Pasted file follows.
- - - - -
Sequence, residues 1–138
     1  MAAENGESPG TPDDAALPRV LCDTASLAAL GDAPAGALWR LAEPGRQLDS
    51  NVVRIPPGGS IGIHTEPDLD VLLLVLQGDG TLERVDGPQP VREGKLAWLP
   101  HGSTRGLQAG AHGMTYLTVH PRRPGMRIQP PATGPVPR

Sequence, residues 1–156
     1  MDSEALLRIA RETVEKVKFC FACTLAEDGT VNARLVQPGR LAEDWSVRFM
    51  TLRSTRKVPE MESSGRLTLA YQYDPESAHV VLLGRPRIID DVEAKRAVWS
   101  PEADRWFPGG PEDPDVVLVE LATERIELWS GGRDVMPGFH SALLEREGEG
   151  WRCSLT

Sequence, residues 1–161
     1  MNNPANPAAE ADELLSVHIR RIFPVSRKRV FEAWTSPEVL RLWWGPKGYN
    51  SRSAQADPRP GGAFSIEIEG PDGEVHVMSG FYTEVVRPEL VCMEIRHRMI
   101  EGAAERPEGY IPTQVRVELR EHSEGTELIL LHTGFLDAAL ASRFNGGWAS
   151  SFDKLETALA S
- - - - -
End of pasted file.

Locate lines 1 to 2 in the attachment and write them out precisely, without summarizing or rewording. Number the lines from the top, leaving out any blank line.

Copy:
Sequence, residues 1–138
     1  MAAENGESPG TPDDAALPRV LCDTASLAAL GDAPAGALWR LAEPGRQLDS